Could Amnesty International, Greenpeace, or Oxfam be hit by disruption and disappear within a few years’ time just like Kodak did when digital photography replaced chemical film? And if that danger is real, what can they do to manage disruption and continue pursuing their mission?

Disruption is taking shape

International civil society organizations (ICSOs) like Oxfam, Greenpeace, and Amnesty International are working in a fast-changing and increasingly unpredictable environment. Major disruptions that may affect their work are emerging from three directions:

Planetary disruption. Climate change is the most obvious sign that we are over-exploiting our planet in unsustainable ways. But we are also driving the extinction of species, depleting our sources of fresh water, and polluting and overfishing the oceans. Our unsustainable lifestyles threaten humanity’s very survival—and they are challenging ICSOs’ missions of working toward a sustainable and equitable world. And as the window of relatively cheap mitigation and painless adaptation closes, and a major global crisis takes shape, can ICSOs continue curing the symptoms or do they need to address the causes of the crisis?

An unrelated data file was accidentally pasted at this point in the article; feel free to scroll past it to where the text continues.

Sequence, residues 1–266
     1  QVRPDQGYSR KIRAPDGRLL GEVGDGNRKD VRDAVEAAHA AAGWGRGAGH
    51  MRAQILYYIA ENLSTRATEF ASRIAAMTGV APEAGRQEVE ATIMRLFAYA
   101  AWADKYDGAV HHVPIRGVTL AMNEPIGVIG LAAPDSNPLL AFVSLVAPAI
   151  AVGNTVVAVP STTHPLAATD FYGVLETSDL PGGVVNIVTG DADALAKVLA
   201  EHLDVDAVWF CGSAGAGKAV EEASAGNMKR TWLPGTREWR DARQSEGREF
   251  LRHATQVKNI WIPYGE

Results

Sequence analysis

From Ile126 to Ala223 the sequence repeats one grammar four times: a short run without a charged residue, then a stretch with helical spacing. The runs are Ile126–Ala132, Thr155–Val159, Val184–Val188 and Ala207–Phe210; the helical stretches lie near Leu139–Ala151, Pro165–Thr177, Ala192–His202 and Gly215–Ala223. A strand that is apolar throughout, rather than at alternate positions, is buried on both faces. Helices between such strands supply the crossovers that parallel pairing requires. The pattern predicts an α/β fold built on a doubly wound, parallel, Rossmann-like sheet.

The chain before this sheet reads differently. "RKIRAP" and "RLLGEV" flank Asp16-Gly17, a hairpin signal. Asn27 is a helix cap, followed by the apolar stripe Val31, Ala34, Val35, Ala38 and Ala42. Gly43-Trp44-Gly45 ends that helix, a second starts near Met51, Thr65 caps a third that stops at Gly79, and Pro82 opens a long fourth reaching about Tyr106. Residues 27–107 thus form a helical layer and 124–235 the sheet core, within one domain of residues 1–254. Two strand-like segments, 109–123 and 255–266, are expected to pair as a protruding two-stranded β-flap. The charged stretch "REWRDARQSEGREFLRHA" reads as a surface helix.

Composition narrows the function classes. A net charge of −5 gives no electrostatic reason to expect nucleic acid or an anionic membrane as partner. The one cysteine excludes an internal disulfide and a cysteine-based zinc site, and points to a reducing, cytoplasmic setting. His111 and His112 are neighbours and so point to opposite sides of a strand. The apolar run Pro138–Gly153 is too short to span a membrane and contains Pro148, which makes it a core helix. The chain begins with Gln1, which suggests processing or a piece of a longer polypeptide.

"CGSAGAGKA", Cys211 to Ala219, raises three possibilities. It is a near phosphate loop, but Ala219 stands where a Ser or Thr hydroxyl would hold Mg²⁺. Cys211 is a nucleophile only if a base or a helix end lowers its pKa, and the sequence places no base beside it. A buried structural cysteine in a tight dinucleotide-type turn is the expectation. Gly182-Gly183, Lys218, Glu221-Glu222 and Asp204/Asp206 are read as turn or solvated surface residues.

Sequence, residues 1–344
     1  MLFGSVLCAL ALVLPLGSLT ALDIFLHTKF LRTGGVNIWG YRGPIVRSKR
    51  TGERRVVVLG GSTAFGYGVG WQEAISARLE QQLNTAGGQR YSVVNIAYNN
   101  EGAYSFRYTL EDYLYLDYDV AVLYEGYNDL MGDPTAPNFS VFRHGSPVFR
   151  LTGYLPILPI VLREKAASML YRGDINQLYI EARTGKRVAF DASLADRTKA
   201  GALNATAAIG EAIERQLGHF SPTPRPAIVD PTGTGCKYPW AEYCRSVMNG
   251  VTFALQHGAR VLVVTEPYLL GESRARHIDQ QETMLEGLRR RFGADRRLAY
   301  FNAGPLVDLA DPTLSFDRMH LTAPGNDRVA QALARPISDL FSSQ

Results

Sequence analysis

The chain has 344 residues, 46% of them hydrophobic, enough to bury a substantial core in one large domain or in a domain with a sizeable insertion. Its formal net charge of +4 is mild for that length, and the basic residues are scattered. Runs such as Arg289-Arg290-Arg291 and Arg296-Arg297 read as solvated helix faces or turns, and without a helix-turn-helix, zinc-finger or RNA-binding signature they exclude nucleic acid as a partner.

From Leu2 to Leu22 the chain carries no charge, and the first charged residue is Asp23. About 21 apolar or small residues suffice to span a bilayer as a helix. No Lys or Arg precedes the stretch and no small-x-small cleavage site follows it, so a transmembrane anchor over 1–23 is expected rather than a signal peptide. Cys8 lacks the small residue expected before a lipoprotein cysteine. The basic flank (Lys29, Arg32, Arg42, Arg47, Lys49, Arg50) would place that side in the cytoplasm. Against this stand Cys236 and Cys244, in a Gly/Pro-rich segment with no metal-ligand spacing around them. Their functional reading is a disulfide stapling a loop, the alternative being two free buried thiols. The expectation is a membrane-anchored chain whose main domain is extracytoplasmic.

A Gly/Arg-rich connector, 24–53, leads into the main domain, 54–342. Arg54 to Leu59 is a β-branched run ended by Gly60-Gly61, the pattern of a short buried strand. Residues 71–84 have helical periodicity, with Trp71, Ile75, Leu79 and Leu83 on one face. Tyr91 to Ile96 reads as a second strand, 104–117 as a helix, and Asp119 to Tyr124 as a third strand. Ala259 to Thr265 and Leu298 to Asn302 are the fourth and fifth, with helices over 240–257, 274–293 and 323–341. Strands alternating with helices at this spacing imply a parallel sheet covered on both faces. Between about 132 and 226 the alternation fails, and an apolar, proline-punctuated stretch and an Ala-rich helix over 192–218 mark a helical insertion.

Political disruption: For years CIVICUS has been documenting the fact that in many countries around the world, the space for civil society is shrinking. In an increasing number of provinces, countries, and whole regions, political interference and violence against civil society activists make their work difficult, dangerous, or completely impossible. In these situations, our sector needs to come together to defend citizens’ rights to express themselves and work for their aims. However, all too many civil society organizations (CSOs) and ICSOs are predominantly focused on their own issues and reluctant to cooperate, and all too often conflicts between different organizations detract attention from much more serious challenges.

Technological disruption. Many of today’s most successful ICSOs provide intermediary services; they link donors of aid in the Global North to recipients in the Global South, they organize campaigns that provide a platform for people to meet. With the rise of digital communications these services do no longer require formal organization; donors and recipients can find each other on Internet platforms, and the Arab Spring and other events show that social networks are powerful platforms for campaigning. ICSOs’ roles as intermediaries are under threat. And if that is the predominant or even the only role an organization plays, its business model is endangered.

The ICSO business model links mission with action and income

Against this background, the International Civil Society Centre brought together a group of thought leaders to review ICSO business models and propose ways to adapt to new opportunities and threats. The group agreed on the following understanding of ICSO business models (using business models in the most common sense):